On Oct. 30, AFSA submitted a letter to six federal agencies on their proposed rule regarding credit risk retention. AFSA’s letter focused on the impact of the proposed rule on the vehicle finance industry. The association encouraged the agencies to substantially revise the Qualifying Automobile Loan (QAL) standard, as the focus on the QAL underwriting standards and loan characteristics are more appropriate for mortgage loans than automobile loans. Calling the proposed QAL standard extremely narrow and unduly harsh, AFSA suggested an alternative approach.

AFSA’s letter said that the exclusion of motorcycles from the QAL should be removed. The association also asked for additional clarification for equipment and machinery finance.

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AFSA Signs Joint Trade Letter to Congress on Privacy Notices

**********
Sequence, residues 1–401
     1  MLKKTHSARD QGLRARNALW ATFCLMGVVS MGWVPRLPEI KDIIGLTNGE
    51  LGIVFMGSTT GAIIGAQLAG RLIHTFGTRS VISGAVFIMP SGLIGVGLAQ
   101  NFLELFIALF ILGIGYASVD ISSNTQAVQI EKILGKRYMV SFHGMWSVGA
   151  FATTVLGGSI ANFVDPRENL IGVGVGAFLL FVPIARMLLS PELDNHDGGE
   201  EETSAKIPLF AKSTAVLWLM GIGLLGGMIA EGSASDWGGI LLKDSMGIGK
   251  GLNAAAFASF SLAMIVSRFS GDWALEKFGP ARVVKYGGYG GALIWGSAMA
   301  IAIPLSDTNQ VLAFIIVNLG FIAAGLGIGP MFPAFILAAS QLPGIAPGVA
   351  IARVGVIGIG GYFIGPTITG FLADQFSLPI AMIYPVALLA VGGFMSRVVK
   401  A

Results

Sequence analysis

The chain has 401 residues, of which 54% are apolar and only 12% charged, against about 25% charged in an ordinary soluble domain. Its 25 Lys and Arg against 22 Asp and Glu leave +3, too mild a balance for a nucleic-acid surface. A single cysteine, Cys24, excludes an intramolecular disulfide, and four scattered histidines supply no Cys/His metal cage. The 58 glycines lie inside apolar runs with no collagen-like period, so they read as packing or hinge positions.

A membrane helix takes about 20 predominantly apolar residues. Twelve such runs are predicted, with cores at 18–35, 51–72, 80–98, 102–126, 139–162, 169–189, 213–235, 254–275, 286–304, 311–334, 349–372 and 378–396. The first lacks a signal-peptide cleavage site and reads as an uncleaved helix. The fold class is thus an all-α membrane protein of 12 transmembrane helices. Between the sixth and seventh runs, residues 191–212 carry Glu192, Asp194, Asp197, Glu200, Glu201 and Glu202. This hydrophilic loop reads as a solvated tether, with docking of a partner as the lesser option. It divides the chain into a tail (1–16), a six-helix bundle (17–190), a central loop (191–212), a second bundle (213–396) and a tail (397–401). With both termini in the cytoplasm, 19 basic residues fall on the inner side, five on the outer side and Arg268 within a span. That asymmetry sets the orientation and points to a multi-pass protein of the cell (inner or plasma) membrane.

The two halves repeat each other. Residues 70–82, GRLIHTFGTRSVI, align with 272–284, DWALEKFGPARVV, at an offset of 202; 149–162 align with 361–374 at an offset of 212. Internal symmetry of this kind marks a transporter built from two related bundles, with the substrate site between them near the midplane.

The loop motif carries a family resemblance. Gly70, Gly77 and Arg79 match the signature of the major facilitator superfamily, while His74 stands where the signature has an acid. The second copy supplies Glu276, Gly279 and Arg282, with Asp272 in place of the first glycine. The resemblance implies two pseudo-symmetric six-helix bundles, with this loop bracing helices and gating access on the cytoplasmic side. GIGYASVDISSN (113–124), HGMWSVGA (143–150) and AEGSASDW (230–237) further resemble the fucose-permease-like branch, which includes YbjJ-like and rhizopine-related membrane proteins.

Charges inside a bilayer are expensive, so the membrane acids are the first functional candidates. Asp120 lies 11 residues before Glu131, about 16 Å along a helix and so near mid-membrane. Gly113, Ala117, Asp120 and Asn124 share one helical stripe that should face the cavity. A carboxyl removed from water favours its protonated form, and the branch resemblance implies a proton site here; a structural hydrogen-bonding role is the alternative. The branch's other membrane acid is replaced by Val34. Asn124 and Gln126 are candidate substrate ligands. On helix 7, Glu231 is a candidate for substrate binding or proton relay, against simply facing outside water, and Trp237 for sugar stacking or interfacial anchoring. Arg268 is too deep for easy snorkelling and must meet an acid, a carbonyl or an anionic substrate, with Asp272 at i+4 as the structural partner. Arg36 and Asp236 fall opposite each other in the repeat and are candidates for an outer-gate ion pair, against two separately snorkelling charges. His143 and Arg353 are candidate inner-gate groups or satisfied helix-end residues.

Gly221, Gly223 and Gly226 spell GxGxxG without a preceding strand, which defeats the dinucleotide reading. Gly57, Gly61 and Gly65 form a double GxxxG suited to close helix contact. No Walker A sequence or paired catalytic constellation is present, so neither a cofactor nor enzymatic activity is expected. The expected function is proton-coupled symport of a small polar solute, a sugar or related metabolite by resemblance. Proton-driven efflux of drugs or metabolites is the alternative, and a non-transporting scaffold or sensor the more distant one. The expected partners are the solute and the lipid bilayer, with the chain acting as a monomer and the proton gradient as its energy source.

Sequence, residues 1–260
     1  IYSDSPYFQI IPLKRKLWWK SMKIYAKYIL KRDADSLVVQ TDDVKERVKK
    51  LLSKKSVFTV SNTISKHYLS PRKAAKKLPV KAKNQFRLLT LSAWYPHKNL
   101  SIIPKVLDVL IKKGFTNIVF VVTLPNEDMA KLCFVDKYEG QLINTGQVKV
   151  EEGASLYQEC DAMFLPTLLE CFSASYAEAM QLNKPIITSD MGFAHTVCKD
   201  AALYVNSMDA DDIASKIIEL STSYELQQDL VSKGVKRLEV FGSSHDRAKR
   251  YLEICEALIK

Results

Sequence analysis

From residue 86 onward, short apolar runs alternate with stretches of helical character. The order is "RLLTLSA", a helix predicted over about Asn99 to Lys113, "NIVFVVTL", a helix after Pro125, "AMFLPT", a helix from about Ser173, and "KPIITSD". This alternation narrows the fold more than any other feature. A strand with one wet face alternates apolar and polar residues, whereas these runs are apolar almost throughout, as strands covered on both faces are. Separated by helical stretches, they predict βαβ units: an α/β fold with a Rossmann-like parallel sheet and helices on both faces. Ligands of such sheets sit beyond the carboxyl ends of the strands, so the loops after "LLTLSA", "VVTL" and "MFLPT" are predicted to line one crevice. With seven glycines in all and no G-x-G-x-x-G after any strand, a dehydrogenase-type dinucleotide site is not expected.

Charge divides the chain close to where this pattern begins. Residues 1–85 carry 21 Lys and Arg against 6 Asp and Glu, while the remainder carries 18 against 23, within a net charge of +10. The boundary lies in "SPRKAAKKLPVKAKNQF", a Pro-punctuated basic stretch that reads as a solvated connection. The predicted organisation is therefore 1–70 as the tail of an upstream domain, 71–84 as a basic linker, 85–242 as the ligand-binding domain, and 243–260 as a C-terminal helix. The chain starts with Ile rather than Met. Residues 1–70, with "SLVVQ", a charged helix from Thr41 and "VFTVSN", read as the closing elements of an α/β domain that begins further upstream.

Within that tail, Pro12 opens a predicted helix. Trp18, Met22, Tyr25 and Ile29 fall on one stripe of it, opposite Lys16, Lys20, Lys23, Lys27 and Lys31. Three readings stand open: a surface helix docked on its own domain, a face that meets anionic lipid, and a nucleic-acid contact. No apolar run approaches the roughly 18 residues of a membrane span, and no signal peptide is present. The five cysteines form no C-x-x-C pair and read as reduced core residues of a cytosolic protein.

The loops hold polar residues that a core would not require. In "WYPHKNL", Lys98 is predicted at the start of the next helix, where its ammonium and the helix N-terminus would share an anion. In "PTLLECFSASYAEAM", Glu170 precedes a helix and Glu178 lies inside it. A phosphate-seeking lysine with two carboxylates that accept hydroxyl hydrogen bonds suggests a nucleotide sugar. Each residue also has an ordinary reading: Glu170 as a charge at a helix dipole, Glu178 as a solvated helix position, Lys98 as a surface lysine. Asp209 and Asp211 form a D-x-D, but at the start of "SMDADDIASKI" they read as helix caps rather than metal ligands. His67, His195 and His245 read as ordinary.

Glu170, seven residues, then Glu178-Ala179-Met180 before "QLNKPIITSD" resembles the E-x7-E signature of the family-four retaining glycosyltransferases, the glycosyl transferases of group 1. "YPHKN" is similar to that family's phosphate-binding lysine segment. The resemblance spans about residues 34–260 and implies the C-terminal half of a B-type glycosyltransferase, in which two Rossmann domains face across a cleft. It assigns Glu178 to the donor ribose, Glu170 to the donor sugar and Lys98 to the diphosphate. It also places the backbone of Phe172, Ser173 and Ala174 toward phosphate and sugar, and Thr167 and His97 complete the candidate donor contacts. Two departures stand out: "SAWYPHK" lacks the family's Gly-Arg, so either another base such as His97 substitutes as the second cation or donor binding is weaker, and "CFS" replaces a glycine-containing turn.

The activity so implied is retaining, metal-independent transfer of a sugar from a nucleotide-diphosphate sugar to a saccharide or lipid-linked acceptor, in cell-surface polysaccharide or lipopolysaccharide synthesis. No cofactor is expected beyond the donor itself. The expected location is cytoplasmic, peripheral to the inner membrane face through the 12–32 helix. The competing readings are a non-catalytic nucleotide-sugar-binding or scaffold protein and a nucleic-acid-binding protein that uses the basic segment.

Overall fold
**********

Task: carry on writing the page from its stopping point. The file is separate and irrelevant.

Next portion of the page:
On Oct. 29, AFSA, along with seven other trade associations, submitted a letter to Senators Harry Reid (D-NV) and Mitch McConnell (R-KY) supporting the Privacy Notice Modernization Act of 2013 (S.635). The bill would change the current law, which requires banks to notify consumers of their privacy policies, even if those policies do not change. Additionally, the bill would ensure that consumers continually have access to the privacy policies of financial institutions, regardless of whether privacy policies change or not.

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New Leaders Elected for Several AFSA Boards and Committees

Several AFSA Advisory Boards and Committees of Professional Interest elected new leaders during the association’s 97th Annual Meeting in Washington, D.C.

The Vehicle Finance Division Advisory Board elected Joy Falotico, Executive Vice President, Marketing, Sales & Americas, Ford Motor Credit Company, as vice chair. She will succeed Andrew Stuart, President & CEO, VW Credit, Inc., as chair at the conclusion of AFSA’s 18th Annual Vehicle Finance Conference & Expo in January 2014.